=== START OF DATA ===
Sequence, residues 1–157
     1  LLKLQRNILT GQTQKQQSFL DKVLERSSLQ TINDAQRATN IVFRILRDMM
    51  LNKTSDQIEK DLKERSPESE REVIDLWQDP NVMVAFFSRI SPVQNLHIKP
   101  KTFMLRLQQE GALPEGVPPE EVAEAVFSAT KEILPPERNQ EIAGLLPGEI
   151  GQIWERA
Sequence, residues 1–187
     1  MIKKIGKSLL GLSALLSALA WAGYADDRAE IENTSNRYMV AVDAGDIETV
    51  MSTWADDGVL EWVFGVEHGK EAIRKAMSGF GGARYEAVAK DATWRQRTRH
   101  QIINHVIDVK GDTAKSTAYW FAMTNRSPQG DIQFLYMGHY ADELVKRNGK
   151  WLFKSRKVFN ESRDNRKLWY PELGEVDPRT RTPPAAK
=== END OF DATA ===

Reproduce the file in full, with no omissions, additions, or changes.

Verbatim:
Sequence, residues 1–157
     1  LLKLQRNILT GQTQKQQSFL DKVLERSSLQ TINDAQRATN IVFRILRDMM
    51  LNKTSDQIEK DLKERSPESE REVIDLWQDP NVMVAFFSRI SPVQNLHIKP
   101  KTFMLRLQQE GALPEGVPPE EVAEAVFSAT KEILPPERNQ EIAGLLPGEI
   151  GQIWERA
Sequence, residues 1–187
     1  MIKKIGKSLL GLSALLSALA WAGYADDRAE IENTSNRYMV AVDAGDIETV
    51  MSTWADDGVL EWVFGVEHGK EAIRKAMSGF GGARYEAVAK DATWRQRTRH
   101  QIINHVIDVK GDTAKSTAYW FAMTNRSPQG DIQFLYMGHY ADELVKRNGK
   151  WLFKSRKVFN ESRDNRKLWY PELGEVDPRT RTPPAAK